AFI Docs Festival Review: Part 1

Yesterday, AFI Docs concluded here in Washington, DC. Formerly known as SilverDocs, it is the premiere documentary film festival in the United States. For example, all six 2009 Academy Award-nominated documentary films were screened at Silverdocs 2008. This year, guest writer and documentary aficionado Anthony Flores and I tag-teamed the festival. Over the course of the next two days, we’ll present a series of capsule reviews of our highlights and lowlights. Here we go:

Running from Crazy

At first glance, Running from Crazy might seem like a paint-by-numbers documentary. It has a literary legend, a modern celebrity, a heart-tugging social issue, and rare archival footage. It’s a documentarian’s dream, but what’s even more impressive is that director Barbara Kopple (Harlan County, U.S.A., Shut up and Sing) melds these somewhat disparate elements into a compelling whole.

The legendary Hemingway name is associated with great talent, lust for life, and also depression and substance abuse. Kopple explores the ups and down of this famous family through the eyes of Mariel Hemingway, the former teenaged star actress who has now settled into a quieter life, though one no less fraught with personal drama (her boyfriend serves as the film’s villain).  The film jumps back and forth between her life and the life of her late sister Margaux, one of the world’s most famous models who committed suicide (much like her grandfather Ernest) at middle age.

Early in the film, I got a sinking feeling that I was watching a puff piece about Mariel Hemingway and the second act in her life, but several startling revelations later, Running with Crazy becomes a dramatic inquiry into the Hemingway family. They say every family is crazy but in different ways, and Running from Crazy, which tells a unique but relatable story of one family’s struggle, proves that the old adage is true.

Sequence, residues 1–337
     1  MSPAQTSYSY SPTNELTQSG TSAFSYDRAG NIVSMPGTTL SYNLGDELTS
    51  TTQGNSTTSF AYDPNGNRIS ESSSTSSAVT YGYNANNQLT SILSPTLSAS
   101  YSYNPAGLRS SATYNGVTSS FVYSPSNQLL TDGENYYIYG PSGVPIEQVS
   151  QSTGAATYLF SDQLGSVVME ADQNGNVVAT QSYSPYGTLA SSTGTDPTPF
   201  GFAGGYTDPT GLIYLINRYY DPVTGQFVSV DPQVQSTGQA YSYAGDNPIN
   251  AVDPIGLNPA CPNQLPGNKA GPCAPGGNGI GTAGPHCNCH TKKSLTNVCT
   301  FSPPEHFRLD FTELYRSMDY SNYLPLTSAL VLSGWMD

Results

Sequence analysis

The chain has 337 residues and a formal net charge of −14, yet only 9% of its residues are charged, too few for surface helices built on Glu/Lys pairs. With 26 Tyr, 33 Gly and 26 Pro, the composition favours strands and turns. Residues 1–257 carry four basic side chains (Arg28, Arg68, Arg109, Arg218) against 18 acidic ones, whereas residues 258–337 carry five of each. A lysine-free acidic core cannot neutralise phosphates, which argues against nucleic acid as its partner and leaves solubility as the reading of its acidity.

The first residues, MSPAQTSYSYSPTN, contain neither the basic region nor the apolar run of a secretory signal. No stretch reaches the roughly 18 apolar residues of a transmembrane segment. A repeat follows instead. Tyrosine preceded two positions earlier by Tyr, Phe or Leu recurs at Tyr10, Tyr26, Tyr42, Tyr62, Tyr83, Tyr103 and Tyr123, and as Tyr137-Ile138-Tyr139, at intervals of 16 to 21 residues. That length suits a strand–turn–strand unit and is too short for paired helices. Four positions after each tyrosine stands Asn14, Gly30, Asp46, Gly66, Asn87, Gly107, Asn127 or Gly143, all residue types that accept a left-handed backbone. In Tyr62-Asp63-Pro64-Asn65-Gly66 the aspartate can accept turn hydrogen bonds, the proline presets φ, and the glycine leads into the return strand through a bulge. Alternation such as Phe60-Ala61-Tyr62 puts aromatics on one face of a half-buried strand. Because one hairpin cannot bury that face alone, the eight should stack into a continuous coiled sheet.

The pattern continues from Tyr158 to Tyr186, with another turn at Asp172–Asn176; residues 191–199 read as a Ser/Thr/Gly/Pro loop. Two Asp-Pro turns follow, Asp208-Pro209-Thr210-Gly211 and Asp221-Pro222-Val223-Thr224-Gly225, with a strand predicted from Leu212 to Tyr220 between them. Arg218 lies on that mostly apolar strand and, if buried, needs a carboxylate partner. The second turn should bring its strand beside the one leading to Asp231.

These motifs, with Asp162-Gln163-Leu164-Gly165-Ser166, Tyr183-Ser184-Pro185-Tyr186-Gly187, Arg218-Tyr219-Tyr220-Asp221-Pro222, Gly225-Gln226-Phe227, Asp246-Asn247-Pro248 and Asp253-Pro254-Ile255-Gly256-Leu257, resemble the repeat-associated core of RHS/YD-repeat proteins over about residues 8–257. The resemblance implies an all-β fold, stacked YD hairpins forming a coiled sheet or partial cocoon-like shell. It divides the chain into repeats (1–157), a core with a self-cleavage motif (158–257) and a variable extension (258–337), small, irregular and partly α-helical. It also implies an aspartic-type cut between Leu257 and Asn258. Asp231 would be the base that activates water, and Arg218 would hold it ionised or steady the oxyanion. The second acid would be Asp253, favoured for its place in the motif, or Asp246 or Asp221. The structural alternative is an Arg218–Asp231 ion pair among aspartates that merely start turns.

My Rating: See it in the Theater

Written by Noah Gittell



In his intro to Caucus, director A.J. Schnack (Convention, Kurt Cobain: About a Son) invoked another fly-on-the-wall campaign documentary, 1993’s The War Room.  This is fine company and raised the bar for Caucus.  Amazingly, the film met it.

Caucus follows the Republican presidential candidates as they campaign for the 2012 Iowa Caucus.  The film presents its material without narration, and by stripping away editorial comment, the footage shows the human side of the politicians.

While Mitt Romney comes across as awkward and uncomfortable, and Michelle Bachmann comes off as aloof, the heart of the documentary is Rick Santorum.  Santorum created a seismic shift in Iowa, building support one meeting at a time.  Between these and his big speeches, you will gain a respect for the man and the strength of his convictions even if you disagree with him.

One telling incident: after months of yeoman’s work and single digit support, the last poll shows him surging into a statistical tie for first, at which point he simply looks at his advisor, and asks “Is it real?”

No, Rick.  The Iowa Caucus is surreal.

My Rating: See it in the Theater

Written by Anthony Flores

Rick Santorum


If You Build It

Innovative education programs shouldn’t be difficult.  Get a good teacher, a unique idea, and some class space, and the students will reap the benefits.  Still, many a program has been hobbled due to bureaucratic inertia and local politics.

If You Build It is set against the backdrop of one such fight.   Humanitarian designer Emily Pilloton and architect Matt Miller come to Bertie County, the poorest in North Carolina, to start an alternative school program.  Called “Studio H,” the curriculum is focused on design and construction.  Emily and Matt are great teachers who carry on despite indifference from the local school board.

It is important to remember that students should be the focus of education reform.  In this film, it is the students who are the stars.  They are clever, enthusiastic, and funny.  Watching these students learn new skills and find a feeling of accomplishment is a delight.

My Rating: See it in the Theater

Written by Anthony Flores


Come back tomorrow for Part 2.

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